Saturday, September 24, 2011

Caramel Apple Tart

It’s fall, my favorite time of year, which means its also apple season. The farmers’ markets are full of baskets brimming with crisp, colorful varieties including Braeburn, McIntosh, Honey  

Crisp, Gala and Fuji. My favorite apple dessert is a streusel-topped apple pie, but a little variety is nice, so I decided this week to make a simple, caramel apple tart, a riff on the classic Tarte Tatin. After 

blind baking the crust, peeled apple wedges are cooked in caramel and then arranged on top of the crust. The caramel is made into a custard with the addition of cream, eggs, Calvados, and a touch of 

cinnamon and vanilla, and then poured over the apples and baked at a low temperature. Delicious. Serve this tart warm, with a scoop of vanilla ice cream, and rejoice that fall is here.  

Sunday, September 18, 2011

Sticky Toffee Pudding

Sticky Toffee Pudding is a British classic that’s been around for at least 50 years. Its provenance is not clear, but it is often associated with the Sharrow Bay Country House in the Lake District, where it 

was being served in 1960. In the past decade, Sticky Toffee Pudding has also become relatively popular here in the U.S., and was even featured as an ice cream flavor by Haagen Daaz. I’ve seen it sold at 

gourmet stores as an over-priced frozen product, but it’s very simple to prepare at home, and will doubtless be better than any prepared product. It’s a sweet dessert – very sweet – but because it’s made 

with dates, it has a musky, complex flavor that’s very appealing. The toffee sauce that it’s doused in is made with a generous amount of butter, brown sugar and cream, and transforms the simple date 

cake into something extraordinary. Make sure you serve this cake warm, along with extra toffee sauce, and vanilla ice cream or whipped cream.

Friday, September 9, 2011

Pains aux Raisins, By the Book

You can’t judge a book by its cover, right? Right. And when it comes to cookbooks, you can’t necessarily judge them by the pretty pictures inside, either. I’ve come to realize that a talented food stylist and photographer duo can transform a mediocre collection of recipes into

an irresistible display, with the unsuspecting consumer getting stuck with what amounts to a doorstop in the end. The other day I received a review copy of a book called How to Make Bread (Ryland, Peters & Small, 2011; $27.95) and immediately thought, “Oh, great. Another 

bread book.” The beautiful photos on the book’s cover and inside, however, soon seduced me into thinking that maybe this book wasn’t all that bad and I started thinking that maybe, just maybe, I might make something from this book. After poring over each recipe, I finally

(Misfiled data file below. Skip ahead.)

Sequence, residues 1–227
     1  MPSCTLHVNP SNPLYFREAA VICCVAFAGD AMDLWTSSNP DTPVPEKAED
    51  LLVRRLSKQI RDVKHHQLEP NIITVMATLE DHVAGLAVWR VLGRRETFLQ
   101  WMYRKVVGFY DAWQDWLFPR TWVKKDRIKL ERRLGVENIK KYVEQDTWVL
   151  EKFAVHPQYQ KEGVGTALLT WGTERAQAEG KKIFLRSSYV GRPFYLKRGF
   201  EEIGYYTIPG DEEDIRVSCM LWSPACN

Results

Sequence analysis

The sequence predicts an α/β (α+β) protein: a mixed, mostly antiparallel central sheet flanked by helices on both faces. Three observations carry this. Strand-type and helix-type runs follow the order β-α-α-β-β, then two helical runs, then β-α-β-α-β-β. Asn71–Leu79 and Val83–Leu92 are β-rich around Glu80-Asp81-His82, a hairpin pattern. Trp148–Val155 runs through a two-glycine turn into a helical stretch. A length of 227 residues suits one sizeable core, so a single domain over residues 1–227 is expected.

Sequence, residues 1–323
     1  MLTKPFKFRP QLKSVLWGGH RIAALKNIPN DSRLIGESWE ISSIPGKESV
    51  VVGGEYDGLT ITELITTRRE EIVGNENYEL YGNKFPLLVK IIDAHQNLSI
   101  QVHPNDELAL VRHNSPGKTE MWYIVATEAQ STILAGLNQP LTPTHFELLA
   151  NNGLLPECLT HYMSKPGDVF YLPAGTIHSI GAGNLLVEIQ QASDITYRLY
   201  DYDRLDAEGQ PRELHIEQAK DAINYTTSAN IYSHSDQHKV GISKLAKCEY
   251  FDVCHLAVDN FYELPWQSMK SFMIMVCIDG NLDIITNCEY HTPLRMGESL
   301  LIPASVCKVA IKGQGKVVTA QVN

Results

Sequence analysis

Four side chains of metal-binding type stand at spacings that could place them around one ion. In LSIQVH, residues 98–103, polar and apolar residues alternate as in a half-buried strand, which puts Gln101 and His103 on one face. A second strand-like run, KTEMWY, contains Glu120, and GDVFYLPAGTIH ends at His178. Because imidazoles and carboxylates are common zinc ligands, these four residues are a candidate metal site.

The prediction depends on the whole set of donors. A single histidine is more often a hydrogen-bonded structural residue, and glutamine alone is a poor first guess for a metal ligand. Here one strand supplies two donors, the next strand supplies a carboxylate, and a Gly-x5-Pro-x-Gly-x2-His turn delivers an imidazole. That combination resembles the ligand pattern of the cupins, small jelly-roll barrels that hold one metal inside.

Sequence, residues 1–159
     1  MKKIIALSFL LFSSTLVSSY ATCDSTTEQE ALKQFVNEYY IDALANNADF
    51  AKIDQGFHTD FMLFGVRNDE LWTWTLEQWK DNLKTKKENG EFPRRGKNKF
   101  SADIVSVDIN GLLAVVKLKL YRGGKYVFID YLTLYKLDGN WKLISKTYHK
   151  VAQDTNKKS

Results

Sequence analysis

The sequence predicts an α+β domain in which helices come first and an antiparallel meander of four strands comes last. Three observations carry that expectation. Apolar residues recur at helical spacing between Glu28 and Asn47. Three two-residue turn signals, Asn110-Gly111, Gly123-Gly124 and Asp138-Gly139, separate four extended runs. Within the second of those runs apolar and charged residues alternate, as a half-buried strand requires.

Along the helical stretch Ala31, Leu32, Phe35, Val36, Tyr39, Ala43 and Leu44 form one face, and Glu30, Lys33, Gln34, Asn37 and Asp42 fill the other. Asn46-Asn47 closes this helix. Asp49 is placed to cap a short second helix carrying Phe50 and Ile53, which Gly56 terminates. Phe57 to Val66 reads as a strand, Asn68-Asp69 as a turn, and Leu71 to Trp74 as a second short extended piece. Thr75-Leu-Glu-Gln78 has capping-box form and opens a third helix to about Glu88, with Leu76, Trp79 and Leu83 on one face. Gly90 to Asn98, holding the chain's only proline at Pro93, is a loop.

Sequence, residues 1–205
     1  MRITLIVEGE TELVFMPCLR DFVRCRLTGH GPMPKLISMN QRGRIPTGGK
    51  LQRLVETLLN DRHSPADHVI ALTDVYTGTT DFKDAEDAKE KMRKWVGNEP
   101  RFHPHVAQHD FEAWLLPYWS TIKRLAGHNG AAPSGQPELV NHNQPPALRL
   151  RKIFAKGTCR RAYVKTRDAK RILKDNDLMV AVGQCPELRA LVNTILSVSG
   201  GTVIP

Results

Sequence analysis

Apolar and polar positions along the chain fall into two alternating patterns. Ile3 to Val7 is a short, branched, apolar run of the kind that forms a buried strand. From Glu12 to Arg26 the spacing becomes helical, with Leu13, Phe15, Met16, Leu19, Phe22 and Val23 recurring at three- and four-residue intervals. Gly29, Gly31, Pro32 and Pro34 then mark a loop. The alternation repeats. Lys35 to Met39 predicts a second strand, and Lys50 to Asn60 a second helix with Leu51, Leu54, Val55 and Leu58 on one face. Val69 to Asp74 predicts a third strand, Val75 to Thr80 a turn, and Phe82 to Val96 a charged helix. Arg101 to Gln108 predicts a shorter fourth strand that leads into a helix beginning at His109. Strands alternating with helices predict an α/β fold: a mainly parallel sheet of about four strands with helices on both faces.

settled on the French classic Pains aux Raisins, made from croissant dough. It’s sort of a complex recipe, just because croissant dough is by nature a little tricky to make, but, again, the photos lured me in. Halfway through the recipe, during one of the many periods of letting the dough 

rise, I read the author’s bio on the jacket flap. His name is Emmanuel Hadjiandreou, and he’s a South African who learned how to make bread in a German-style bakery in Cape Town. Eventually he landed in Britain, where he worked for Gordon Ramsay and several high-profile bakeries. 

His current gig is teaching at The School of Artisan Food in Nottinghamshire (isn’t that where Robin Hood hung out?). He has won several awards for his bread along the way. Ok, so maybe I was impressed, but that still didn’t mean his cookbook was good. And then, 

suddenly, the pastries were done. I had followed each step meticulously, mirroring the photos in the many step shots, and the dough was beautiful, and the pastries were perfect – buttery dough encasing a creamy vanilla custard and lots of sweet raisins. I haven’t made pains aux raisins since I was a cooking school student in Paris, and I forgot just how wonderful they are. Especially when you use an excellent, detailed recipe that works. So what’s the moral? Sometimes you can judge a book by its pretty pictures. Nice job, Chef Hadjiandreou, you’re a superstar in my book.

Saturday, September 3, 2011

Double Chocolate Cupcakes with Peanut Butter Frosting

My apologies for neglecting my blog – my excuses include preparing for an over-hyped hurricane, recovering from a bout of food poisoning, and completing an over-due recipe project that has

consumed much of my time for the past two months. Sometimes life just gets in the way. But I’m back this week with some home-style cupcakes that combine two of my favorite flavors, chocolate

and peanut butter. The base is a simple devil’s food cupcake, the same recipe I used for my Brooklyn Blackout Cupcakes, which I filled with a creamy chocolate ganache and topped with a sweet peanut 

butter frosting. I use some of the cupcake crumbs for garnish, along with toasted cocktail peanuts. I know bake sales are quickly going out of fashion (and anything made with peanut butter is

considered virtual poison at many schools), but in the old days these little gems would have been a guaranteed best-seller.